Third Circuit Holds Government Contracted Psychologist May Be Subpoenaed To Testify Favorably For Defendant at Sentencing
The Third Circuit Court of Appeals recently decided the case of United States v. Olhovsky, ruling that the sentence imposed by the District Court upon the Defendant was unreasonable. Nicolau Olhovsky was sentenced to six years imprisonment after pleading guilty to charges of possessing child pornography. In 2004, an undercover law enforcement officer was investigating an Internet Relay Chat channel (“IRC”) in which users would trade pornographic images of children. Olhovsky was identified as one of the IRC’s users. In December of 2004, and shortly after Olhovsky’s eighteenth birthday, officers obtained a search warrant for Olhovsky’s home which he shared with his mother and sister. The subsequent search resulted in discovery of a hard drive containing over six hundred images of child pornography. Olhovsky admitted to owning the hard drive and participating in the online trading of child pornographic images.
Nicolau Olhovsky was born with several birth defects, including problems with his heart and a concave chest. His parents divorced when he was seven; he and his sister lived with their mother who became permanently disabled in a car accident shortly after the divorce. Olhovsky was awkward and isolated as a child; bullied and teased at school because of his physical deficiencies. He had a history of depression, suicidal tendencies, and was admitted into a psychiatric facility for treatment. As a result of his many physical and social problems, Olhovsky spent much of his adolescence alone in his room with his computer.
Following his guilty plea to child pornography charges, the Court ordered a psychological evaluation prior to sentencing. In his meetings with the court-appointed psychologist, Olhovsky discussed his adolescence, his current mental state, and explained as to how he became involved with child pornography; he had received an email which he opened, and this email sparked his curiosity. Dr. Silverman, who was contracted with Pretrial Services, wrote a letter to the trial judge expressing his opinion on Olhovsky and emphasizing he had never written a similar letter for any other Defendant. In his letter, Silverman alluded to Olhovsky’s past and that Olhovsky had the maturity level of a fourteen or fifteen year old. He explained that Olhovsky was extremely remorseful for his crimes and that he was slowly progressing towards becoming a mature adult; he is currently in a relationship with an adult female, he has been more active socially, etc. Most importantly, Dr. Silverman opined that Olhovsky’s collection of child pornography was due to his immaturity and curiosity, and that he was a low risk for becoming a pedophile or repeat offender.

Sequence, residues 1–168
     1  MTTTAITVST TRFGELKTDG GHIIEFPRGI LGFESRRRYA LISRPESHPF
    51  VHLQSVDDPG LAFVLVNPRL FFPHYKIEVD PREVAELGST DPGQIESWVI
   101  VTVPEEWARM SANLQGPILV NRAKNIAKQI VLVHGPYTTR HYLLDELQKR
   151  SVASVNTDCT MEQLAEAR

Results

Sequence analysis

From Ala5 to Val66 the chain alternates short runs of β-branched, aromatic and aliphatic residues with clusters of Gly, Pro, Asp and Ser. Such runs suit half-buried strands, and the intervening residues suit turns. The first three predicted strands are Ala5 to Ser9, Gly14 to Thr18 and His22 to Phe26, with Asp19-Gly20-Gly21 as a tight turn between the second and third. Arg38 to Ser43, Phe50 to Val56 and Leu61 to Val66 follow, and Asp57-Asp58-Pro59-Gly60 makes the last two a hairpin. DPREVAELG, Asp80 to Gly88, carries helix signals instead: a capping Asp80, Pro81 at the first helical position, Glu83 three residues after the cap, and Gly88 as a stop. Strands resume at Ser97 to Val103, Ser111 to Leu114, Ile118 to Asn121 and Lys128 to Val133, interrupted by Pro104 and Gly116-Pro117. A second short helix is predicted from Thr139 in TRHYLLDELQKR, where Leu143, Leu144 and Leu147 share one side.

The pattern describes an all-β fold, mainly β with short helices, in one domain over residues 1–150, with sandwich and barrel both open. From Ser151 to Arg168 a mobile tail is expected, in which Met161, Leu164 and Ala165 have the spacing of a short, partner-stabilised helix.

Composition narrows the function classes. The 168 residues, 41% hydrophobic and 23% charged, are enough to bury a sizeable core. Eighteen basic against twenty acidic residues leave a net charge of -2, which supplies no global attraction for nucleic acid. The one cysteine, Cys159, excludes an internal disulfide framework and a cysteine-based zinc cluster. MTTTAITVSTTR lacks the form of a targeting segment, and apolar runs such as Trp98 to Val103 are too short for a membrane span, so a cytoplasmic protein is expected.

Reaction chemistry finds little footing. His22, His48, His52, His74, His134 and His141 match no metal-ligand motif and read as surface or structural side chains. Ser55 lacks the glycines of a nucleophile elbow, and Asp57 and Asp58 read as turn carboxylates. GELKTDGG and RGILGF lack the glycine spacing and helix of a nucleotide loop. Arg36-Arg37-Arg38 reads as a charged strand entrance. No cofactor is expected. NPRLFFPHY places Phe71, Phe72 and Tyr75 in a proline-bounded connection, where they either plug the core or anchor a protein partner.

Upon examination of this letter, defense counsel attempted to subpoena Dr. Silverman to testify at the sentencing of Olhovsky. The prosecution objected to the subpoena being granted, and the trial court refused to grant the subpoena, holding that Dr. Silverman would be testifying as an expert and such testimony was cumulative in expert reports available to the Court. The Court stated that Dr. Silverman was free to testify voluntarily and could submit additional reports for review; the defense alleges that Pretrial Services threatened to revoke Dr. Silverman’s vendor contract had he volunteered to testify, causing him not only to choose not to, but also to cease communication with the defense. Upon sentencing, the Court examined the mitigating evidence which was available and chose to impose a six year sentence; less than the suggested guidelines but sufficiently lengthy to satisfy the Court’s determination that a “substantial, indeed, draconian” punishment was required.
On appeal, the Third Circuit held that not only did the trial court err in not granting the subpoena for Dr. Silverman to testify as an expert, but that his testimony would actually be factual. Dr. Silverman could have testified to mitigating circumstances which were not contained in his letter to the Court. Further, the Appellate Court held the District Court failed to fully consider the expert reports submitted by the defense as mitigating evidence, imposing sentence to punish the Defendant rather than rehabilitate him. Olhovsky’s sentence was subsequently vacated and the case was remanded for resentencing.
Federal Law defines child pornography as “a visual depiction of any kind, including a drawing, cartoon, sculpture, or painting, photograph, film, video, or computer-generated image or picture, whether made or produced by electronic, mechanical, or other means, of sexually explicit conduct, where it a) depicts a minor engaging in sexually explicit conduct and is obscene, or b) depicts an image that is, or appears to be, of a minor engaging in graphic bestiality, sadistic or masochistic abuse, or sexual intercourse, including genital-genital, oral-genital, anal-genital, or oral-anal, whether between persons of the same or opposite sex, and such depiction lacks serious literary, artistic, political, or scientific value.” Possessing, Making, and Distributing child pornography is illegal in all 50 states, including Pennsylvania, and it is an offense which carries serious legal penalties.
If you have been arrested and charged with owning, making, or distributing child pornography, the Law Offices of Marc Neff can help. There are defenses which are available to you, so do not hesitate to contact the Law Offices of Marc Neff immediately.